Review of “When the Men Go Off to War”

[Jehanne Dubrow]


In Victoria Kelly’s debut collection, When the Men Go Off to War, the title poem evokes the patriotic language used in the wars of another century (We Can Do It, Loose Lips Sink Ships). The poem plays with our expectations about the rigid lines of military culture:  men deploying to do battle and women remaining stateside to keep—as we say—the home fires burning. But, the poem shows us that the men’s absence allows the women to engage in enormous adventures of their own:  “We set up for a few weeks at a time / in places like Estonia or Laos— / places where they still have legends.” The women too have agency and movement. And, it’s the poem’s conclusion that is most provocative. When the men return from combat, the women, the houses, the landscape appear unchanged, as if all has stayed exactly as it was left months before. “What have you been doing all this time?” ask the men. The answer? “Oh you know, the dishes.” The poem ends with the soldiers’ gratitude, “Thank God some things stay the same.” We recognize that the wives have camouflaged some part of themselves. Kelly creates an understanding between speaker and reader; these poems will do their duty to husband and country, but they will also honor the secret, interior worlds of military spouses.

With When the Men Go Off to War, Victoria Kelly joins the small company of wives who are writing about the experience of being married to the military, not as materials for self-help books or how-to manual but as subjects for literature. As with books by fiction writer Siobhan Fallon or memoirist Alison Buckholtz, Kelly’s work is informed by her academic training, her intellectual privilege. In the poem, “Lessons,” she acknowledges how little these kinds of achievements can matter within the strange, strict confines of the military community: “These are things they don’t teach you / in public school, or at Harvard—you can read Chaucer but not the bars // on a uniform.” This is a perspective that the soldier-poets have always been permitted—fancy degrees don’t prepare someone for the grit and mud of war—but it’s only within the last decade that military spouses have begun to explore these same themes, elevating their subjects to literary prose and poetry.

In “Elegy,” Kelly elegizes the romantic stories that we tell ourselves about military marriage. “[W]e never did have / the time of our lives,” laments the speaker, an observation that some readers may find discomfiting coming from the wife of a naval aviator. All of the glittering, shrapnelled possibilities of wartime eventually become past tense. “There is nothing,” the speaker explains, “as poetic as the memory / of the glimmering, snow-lit streets of Annapolis, / or a thousand flags waving / for a plane coming home.” As any poet will tell you, poetry itself is fiction. And this poem, named for a form usually employed to mourn the death of a loved one, is used here to grieve the loss of mythology and belief.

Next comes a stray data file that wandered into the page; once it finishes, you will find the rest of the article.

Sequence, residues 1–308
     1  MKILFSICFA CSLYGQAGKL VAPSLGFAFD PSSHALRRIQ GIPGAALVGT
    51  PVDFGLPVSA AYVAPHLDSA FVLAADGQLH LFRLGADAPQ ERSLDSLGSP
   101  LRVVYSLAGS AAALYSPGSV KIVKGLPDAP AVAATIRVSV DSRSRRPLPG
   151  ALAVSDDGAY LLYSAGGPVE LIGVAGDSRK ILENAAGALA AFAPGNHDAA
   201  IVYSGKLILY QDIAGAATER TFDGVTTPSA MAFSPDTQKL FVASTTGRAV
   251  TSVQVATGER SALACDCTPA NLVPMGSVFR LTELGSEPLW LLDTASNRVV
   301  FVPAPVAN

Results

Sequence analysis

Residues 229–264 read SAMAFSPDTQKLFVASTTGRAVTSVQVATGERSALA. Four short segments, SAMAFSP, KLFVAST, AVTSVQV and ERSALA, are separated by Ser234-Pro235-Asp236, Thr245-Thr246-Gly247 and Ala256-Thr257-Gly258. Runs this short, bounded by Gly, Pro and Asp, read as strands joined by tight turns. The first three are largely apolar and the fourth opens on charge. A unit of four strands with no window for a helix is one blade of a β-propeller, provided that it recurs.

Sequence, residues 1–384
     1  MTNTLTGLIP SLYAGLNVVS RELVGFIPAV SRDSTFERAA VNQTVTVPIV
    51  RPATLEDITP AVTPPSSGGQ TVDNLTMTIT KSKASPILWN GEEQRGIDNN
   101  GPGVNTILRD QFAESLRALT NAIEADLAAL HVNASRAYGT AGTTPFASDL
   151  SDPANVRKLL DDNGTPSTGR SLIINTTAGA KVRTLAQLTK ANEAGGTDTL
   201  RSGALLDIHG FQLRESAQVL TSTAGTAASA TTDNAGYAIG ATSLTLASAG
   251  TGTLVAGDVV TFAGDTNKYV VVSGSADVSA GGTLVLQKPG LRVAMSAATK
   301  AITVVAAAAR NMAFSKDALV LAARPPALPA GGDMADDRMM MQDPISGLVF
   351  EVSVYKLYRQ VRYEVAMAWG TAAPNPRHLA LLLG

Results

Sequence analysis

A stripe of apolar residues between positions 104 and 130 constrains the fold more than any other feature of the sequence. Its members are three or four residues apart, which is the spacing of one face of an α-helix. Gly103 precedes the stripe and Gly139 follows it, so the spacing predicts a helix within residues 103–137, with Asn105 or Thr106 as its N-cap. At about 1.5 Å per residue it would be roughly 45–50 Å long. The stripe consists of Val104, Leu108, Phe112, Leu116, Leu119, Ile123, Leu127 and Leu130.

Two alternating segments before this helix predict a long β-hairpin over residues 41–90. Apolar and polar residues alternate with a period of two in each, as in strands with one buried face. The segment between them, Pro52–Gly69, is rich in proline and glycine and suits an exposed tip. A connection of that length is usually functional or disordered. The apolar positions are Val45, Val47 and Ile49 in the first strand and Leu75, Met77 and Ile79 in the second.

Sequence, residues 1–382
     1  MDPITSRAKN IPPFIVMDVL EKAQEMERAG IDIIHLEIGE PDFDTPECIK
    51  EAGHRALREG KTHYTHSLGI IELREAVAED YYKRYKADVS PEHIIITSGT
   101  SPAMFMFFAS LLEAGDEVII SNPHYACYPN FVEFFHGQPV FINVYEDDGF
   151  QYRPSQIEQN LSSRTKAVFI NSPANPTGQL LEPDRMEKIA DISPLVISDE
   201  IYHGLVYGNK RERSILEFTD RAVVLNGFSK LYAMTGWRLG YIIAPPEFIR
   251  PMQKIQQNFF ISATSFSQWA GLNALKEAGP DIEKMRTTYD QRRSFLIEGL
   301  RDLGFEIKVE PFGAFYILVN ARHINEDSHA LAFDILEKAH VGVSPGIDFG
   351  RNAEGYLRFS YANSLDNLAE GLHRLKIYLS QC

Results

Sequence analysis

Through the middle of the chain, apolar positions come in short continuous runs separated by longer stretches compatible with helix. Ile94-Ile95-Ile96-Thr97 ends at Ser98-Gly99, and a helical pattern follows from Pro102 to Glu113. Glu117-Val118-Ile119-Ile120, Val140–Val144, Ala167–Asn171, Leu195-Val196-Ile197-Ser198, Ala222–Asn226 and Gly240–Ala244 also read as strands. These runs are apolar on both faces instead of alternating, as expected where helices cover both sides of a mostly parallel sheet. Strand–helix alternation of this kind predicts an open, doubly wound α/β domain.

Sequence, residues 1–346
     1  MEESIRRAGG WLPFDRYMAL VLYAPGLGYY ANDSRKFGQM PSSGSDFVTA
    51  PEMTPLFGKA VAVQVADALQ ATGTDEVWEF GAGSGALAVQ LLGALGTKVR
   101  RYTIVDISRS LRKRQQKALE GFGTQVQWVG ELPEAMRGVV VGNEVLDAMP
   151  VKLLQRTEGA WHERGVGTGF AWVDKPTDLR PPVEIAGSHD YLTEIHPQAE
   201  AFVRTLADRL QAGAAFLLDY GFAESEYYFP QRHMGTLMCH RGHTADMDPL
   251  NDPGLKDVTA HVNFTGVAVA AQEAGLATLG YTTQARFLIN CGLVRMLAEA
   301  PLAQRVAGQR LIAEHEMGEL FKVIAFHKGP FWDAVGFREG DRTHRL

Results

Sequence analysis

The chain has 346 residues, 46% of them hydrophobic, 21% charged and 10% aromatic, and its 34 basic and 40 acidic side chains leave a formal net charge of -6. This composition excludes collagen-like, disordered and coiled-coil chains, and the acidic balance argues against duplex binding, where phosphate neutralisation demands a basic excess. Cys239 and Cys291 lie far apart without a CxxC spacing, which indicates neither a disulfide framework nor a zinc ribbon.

There are certainly moments of joy and optimism in When the Men Go Off to War. But what makes the book such an engaging read is Kelly’s willingness to dismantle the narratives that we military wives tell ourselves, in order to make the long wars, the long deployments, the long distances tolerable. Near the end of the collection, in “Ordinary Evenings,” the poet writes about the veterans of earlier conflicts: “In the photos they are huddled together, / tired as the old men they would become.” These gray-haired soldiers are not only objects of storytelling but they’re also a reminder that the figure of the husband—now both heroic and handsome—will one day be old too. Perhaps he already is, having seen so much in his takeoffs and landings, having struggled so often to decide whether service is easier when one isn’t tethered to a wife or burdened by love and fidelity. And perhaps Kelly, like so many poets who have gone before her, is the one who can keep the husband young, always flying above the Persian Gulf in these poems or walking through Annapolis, forever gleaming in his summer whites.

Jehanne Dubrow is the author of five poetry collections, including most recently The Arranged Marriage, Red Army Red, and Stateside. She is the Director of the Rose O’Neill Literary House and an Associate Professor of creative writing at Washington College.